Results: Among 265 deaths observed during 2001, 129 (48.7%) were related to AIDS, 38 (14.3%) to ESLD, and 98 (36.7%) to other causes. Mortality due to ESLD represented 28% of non AIDS-related deaths; 36 of the 38 patients (95%) dying from ESLD had chronic hepatitis C virus (HCV) infection. In 2001, deaths due to ESLD (14.3%) were significantly more frequent than in 1995 (1.5%; P < 0.01) and 1997 (6.6%; P < 0.01). During this interval, the prevalence of hepatocellular carcinoma as a cause of death increased (1995, 4.7%; 1997, 11%; 2001, 25%; P < 0.05), as did alcohol consumption (P < 0.01).
Conclusions: In the post-HAART era, ESLD due to HCV is a growing cause of mortality in HIV-infected patients. Increased longevity attributable to HAART, and a higher prevalence of alcohol consumption, are probably involved in this trend.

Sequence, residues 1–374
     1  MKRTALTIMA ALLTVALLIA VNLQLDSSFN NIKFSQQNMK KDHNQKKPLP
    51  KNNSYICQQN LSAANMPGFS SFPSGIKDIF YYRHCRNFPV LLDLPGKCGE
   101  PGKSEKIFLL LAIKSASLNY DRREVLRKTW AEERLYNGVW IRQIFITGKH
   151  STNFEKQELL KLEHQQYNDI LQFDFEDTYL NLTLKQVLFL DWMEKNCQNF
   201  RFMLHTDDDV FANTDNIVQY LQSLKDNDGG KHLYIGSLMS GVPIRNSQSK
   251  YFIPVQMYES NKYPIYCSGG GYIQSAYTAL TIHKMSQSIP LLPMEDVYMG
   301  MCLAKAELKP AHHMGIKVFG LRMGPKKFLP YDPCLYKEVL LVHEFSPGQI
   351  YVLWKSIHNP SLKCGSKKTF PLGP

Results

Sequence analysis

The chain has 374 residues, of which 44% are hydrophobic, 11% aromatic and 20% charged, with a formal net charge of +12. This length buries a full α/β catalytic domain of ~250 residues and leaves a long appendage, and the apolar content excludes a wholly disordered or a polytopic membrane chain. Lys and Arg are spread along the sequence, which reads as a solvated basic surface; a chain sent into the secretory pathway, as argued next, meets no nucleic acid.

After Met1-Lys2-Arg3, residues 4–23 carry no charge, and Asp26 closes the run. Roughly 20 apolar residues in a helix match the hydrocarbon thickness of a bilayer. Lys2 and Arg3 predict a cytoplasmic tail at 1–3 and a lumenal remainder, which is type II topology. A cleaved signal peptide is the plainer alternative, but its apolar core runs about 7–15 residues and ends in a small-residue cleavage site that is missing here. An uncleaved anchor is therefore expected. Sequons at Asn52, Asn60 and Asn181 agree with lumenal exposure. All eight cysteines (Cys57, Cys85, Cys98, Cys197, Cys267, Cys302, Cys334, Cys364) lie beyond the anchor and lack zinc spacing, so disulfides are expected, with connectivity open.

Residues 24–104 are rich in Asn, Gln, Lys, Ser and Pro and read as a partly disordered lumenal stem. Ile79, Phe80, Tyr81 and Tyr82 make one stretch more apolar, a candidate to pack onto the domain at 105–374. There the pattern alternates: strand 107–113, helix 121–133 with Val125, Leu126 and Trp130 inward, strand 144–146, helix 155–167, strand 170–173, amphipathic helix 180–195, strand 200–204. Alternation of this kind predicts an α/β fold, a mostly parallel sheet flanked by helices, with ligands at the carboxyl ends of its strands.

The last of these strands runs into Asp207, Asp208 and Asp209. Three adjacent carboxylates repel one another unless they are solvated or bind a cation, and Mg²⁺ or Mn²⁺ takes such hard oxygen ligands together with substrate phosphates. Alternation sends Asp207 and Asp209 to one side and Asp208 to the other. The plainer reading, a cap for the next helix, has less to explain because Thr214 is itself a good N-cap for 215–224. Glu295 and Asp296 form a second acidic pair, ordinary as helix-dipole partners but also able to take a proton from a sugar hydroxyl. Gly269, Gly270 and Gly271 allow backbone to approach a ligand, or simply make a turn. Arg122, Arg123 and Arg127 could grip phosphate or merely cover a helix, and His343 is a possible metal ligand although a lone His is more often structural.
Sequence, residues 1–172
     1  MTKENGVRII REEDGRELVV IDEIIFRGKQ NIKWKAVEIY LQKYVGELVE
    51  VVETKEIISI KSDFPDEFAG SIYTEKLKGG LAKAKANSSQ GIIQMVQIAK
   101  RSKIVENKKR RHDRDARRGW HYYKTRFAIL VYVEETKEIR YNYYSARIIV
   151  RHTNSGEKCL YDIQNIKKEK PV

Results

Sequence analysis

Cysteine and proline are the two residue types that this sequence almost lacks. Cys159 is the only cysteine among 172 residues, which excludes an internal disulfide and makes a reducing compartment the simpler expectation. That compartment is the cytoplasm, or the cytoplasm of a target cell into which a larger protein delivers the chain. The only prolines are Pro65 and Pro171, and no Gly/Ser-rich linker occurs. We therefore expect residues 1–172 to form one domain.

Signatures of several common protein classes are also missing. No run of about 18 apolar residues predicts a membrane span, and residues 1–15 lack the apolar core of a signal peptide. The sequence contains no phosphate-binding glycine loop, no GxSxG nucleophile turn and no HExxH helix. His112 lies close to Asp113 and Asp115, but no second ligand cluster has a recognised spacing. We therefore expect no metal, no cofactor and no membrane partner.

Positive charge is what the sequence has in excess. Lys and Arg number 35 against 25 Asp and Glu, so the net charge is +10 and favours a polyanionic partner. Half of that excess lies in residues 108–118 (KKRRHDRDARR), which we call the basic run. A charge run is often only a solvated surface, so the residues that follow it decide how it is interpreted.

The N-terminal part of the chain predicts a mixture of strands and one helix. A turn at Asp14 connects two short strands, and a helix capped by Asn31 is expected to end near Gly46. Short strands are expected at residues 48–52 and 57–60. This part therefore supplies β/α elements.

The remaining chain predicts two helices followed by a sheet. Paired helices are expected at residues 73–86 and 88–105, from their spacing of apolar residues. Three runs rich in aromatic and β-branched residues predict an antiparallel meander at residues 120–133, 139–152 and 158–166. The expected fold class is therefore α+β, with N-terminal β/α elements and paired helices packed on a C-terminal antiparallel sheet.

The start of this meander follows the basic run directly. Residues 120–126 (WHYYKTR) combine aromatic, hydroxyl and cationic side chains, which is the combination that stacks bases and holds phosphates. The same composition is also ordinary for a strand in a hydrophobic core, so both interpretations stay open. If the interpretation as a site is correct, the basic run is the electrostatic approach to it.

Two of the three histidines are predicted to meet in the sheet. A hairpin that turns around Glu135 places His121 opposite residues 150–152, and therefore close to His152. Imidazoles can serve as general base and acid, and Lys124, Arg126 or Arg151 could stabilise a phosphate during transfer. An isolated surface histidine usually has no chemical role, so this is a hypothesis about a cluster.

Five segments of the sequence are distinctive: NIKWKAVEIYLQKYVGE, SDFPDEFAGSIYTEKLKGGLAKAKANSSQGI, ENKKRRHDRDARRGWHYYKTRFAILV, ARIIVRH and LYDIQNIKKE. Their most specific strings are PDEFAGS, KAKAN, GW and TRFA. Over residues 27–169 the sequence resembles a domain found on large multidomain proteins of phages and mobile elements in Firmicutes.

Coinfection with hepatitis C virus (HCV) and HIV is common as both viruses are transmitted by parenteral routes, i.e., injecting drug use and blood transfusion. In the USA, it is estimated that 30% of the 800 000 HIV-infected individuals are coinfected with HCV [1,2]; similar rates have been reported in Western Europe . Among certain subgroups of HIV-infected patients, such as in injecting drug users and haemophiliacs, the prevalence of coinfection approaches 70-90% [2-4]. HCV infection leads to chronic hepatitis in 85% of HIV-negative patients; approximately 20% will eventually develop cirrhosis of the liver [5,6]. In HIV-positive individuals, chronic hepatitis C is more severe, particularly in those with advanced immunosuppression [7-10]. Regardless of HIV serostatus, time represents a critical factor in determining mortality due to end-stage liver disease (ESLD). In HIV-positive patients, longer survival observed since the introduction of highly active antiretroviral therapy (HAART) may permit the progression of HCV-related liver disease and increase mortality due to complications including liver failure and hepatocellular carcinoma (HCC). Moreover, HAART itself may accelerate the progression of HCV-related liver disease . Several studies have suggested an increased risk of mortality caused by ESLD in HIV-HCV coinfected patients [12-21]. However, most of these studies examined cohorts of haemophilic patients [12,13] or single-centre cohorts of HIV seropositive patients and compared mortality rates during the pre-HAART era with that during the early years of HAART.